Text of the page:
I started developing in Java, late 2001. At that time, Java was really cool. Every young developer wanted to work on so-called new technologies: either .Net or Java, as older developers were stuck on Cobol. I had studied C and C++ in school, and memory management in Java was so much easier. I was happy with Java… but not everyone was.

    http://groovy-lang.org/[Groovy^] came into existence in 2003. I don’t remember at what time I learned about it. I just ignored it: I had no need of a scripting language then. In the context of developing enterprise-grade applications with a long lifespan with a team of many developers, static typing was a huge advantage over dynamic typing. Having to create tests to check the type system was a net loss. The only time I had to create scripts, it was as a WebSphere administrator: the choice was between Python and TCL.

    https://www.scala-lang.org/[Scala^] was incepted one year later in 2004. I don’t remember when and how I heard about it, but it was much later. But in opposition to Groovy, I decided to give it a try. The main reason was my long interest in creating “better” code - read more readable and maintainable. Scala being statically typed, it was more what I was looking for. I followed the Coursera course https://www.coursera.org/learn/progfun1[Principles of Functional Programming in Scala^]. It had three main consequences:

    • It questioned my way to write Java code. For example, why did I automatically generate getters and setters when designing a class?
    • I decided Scala made it too easy to write code unreadable for most developers - including myself
    • I started looking for other alternative languages

    After Groovy and Scala came the second generation (3^rd^ if you count Java as the first) of JVM languages, including:

    • https://kotlinlang.org/[JetBrains Kotlin^]
    • https://ceylon-lang.org/[Red Hat Ceylon]
    • and https://eclipse.org/xtend/[Eclipse Xtend^]

    After a casual glance at them, I became convinced they had not much traction, and were not worth investing my time.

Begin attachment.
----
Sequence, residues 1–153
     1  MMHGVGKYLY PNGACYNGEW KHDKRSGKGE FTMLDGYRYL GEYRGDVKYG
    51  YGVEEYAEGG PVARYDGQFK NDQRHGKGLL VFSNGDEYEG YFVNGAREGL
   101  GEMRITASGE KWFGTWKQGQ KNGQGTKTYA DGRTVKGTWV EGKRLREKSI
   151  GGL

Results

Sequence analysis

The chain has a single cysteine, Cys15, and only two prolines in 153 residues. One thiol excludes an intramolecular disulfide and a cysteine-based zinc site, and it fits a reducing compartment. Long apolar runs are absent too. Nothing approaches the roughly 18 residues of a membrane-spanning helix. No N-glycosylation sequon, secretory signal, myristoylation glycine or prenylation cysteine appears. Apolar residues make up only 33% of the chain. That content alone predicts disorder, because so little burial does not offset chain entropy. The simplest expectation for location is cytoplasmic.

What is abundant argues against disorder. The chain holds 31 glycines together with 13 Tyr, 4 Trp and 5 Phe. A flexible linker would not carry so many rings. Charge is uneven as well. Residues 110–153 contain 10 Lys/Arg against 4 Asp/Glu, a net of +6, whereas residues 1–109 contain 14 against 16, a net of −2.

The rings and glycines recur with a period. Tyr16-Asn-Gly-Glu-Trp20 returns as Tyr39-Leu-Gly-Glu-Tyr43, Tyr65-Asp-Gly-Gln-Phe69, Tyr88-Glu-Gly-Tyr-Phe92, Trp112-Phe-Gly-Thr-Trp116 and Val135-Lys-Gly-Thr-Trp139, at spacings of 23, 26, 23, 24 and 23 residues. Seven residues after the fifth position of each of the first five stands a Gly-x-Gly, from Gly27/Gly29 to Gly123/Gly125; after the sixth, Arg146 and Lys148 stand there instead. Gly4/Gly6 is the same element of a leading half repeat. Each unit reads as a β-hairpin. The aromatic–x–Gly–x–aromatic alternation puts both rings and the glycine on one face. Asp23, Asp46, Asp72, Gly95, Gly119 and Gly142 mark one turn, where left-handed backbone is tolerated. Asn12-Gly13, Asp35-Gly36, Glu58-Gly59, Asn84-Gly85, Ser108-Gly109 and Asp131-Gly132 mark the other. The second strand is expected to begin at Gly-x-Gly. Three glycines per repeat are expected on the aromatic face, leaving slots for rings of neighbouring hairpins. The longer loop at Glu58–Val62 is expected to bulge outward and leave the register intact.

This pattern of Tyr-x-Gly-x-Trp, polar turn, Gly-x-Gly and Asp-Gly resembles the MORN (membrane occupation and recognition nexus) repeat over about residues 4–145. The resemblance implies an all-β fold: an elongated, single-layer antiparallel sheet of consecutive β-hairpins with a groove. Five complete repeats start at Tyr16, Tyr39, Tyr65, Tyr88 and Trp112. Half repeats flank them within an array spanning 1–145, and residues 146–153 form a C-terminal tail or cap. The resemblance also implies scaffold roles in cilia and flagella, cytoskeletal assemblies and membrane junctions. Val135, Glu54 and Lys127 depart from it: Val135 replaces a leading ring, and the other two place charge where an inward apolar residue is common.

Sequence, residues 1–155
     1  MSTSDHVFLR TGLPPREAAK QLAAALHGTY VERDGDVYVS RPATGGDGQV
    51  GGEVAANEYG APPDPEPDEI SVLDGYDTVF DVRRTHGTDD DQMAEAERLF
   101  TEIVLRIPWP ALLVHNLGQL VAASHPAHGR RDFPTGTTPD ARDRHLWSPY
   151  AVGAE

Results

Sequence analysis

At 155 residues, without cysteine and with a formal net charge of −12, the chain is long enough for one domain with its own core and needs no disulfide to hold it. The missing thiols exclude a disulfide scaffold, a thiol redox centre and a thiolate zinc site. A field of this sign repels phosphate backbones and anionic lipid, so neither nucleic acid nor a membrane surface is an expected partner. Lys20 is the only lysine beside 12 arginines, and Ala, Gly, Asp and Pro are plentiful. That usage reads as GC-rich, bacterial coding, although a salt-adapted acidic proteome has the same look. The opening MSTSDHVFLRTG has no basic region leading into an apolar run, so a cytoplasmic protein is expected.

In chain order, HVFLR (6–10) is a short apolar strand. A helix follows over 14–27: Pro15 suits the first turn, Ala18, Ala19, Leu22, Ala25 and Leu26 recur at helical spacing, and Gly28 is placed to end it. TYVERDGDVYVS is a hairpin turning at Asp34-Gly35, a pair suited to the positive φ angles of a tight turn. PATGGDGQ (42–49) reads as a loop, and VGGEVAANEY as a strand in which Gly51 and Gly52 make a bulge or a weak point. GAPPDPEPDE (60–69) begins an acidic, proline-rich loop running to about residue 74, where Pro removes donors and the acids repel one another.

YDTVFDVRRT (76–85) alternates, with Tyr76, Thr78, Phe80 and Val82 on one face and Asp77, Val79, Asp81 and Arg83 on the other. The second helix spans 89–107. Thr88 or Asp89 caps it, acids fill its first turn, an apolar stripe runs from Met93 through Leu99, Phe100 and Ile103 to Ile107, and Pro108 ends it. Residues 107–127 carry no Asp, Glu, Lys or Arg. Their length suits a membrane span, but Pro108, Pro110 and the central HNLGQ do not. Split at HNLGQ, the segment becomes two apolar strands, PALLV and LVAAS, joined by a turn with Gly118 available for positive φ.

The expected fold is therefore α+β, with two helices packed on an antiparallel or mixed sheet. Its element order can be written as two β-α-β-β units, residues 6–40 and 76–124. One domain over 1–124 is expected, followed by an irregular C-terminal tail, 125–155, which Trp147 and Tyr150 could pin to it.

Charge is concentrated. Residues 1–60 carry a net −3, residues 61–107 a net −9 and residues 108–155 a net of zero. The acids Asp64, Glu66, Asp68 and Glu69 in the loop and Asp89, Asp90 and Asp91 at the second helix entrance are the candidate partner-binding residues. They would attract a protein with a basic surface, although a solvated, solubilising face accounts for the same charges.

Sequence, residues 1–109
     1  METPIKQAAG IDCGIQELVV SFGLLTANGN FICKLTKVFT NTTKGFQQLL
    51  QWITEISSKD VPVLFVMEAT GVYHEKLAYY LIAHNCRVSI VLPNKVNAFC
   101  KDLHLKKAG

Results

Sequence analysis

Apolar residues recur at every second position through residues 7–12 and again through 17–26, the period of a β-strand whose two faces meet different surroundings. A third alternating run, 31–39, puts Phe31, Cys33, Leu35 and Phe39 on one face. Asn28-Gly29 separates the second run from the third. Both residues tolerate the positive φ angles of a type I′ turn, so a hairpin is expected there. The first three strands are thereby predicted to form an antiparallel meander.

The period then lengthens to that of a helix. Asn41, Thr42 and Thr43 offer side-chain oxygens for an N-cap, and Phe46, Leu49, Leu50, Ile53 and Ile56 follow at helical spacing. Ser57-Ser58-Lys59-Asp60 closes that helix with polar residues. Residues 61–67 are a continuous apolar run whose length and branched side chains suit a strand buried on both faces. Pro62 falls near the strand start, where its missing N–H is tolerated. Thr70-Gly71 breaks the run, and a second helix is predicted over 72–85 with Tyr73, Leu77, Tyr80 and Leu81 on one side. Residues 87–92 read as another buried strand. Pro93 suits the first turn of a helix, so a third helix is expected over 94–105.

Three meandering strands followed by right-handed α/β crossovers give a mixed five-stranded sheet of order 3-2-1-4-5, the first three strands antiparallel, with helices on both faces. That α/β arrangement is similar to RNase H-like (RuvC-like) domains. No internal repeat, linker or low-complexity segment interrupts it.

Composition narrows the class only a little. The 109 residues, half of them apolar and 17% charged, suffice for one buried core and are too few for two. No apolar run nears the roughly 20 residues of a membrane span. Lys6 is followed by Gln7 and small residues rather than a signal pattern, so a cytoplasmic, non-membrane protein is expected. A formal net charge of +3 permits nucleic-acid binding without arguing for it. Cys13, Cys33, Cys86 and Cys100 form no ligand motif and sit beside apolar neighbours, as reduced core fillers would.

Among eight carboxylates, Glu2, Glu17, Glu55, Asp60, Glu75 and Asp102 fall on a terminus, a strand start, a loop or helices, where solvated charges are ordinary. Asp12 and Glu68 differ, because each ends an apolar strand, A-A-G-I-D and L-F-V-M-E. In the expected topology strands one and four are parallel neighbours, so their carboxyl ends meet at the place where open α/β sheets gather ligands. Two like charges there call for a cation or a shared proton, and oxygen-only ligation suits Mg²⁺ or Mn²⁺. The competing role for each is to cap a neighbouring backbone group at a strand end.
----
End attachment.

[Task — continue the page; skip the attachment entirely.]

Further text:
Some years ago, I decided to teach myself basic Android to be able to understand the development context of mobile developers. Oh boy! After years of developing Java EE and Spring applications, that was a surprise - and not a pleasant one. It was like being sent backwards a decade in the past. The Android API is so low level… not to even mention testing the app locally. After a quick search around, I found that Kotlin was mentioned in a lot of places, and finally decided to give it a try. I fell in love immediately: with Kotlin, I could improve the existing crap API into something better, even elegant, thanks to extension functions. I dug more into the language, and started using Kotlin for server-side projects as well. Then, the Spring framework announced its integration of Kotlin. And at Google I/O, Google announced its support of Kotlin on Android.

    [CAUTION]

    This post is about my own personal experience and opinion formed from it. If you prefer the comfort of reading only posts you agree with, feel free to stop reading a this point. ====

    Apart from my own experience, what is the current state of those languages? I ran a https://trends.google.com/trends/explore?q=%2Fm%2F0_lcrx4,%2Fm%2F02js86,%2Fm%2F091hdj,Ceylon,XTend[quick search on Google Trends^].

    image::jvm-lang-google-trends.png[Overview of JVM languages on Google Trends,796,511,align=”center”]

    There are a couple of interesting things to note: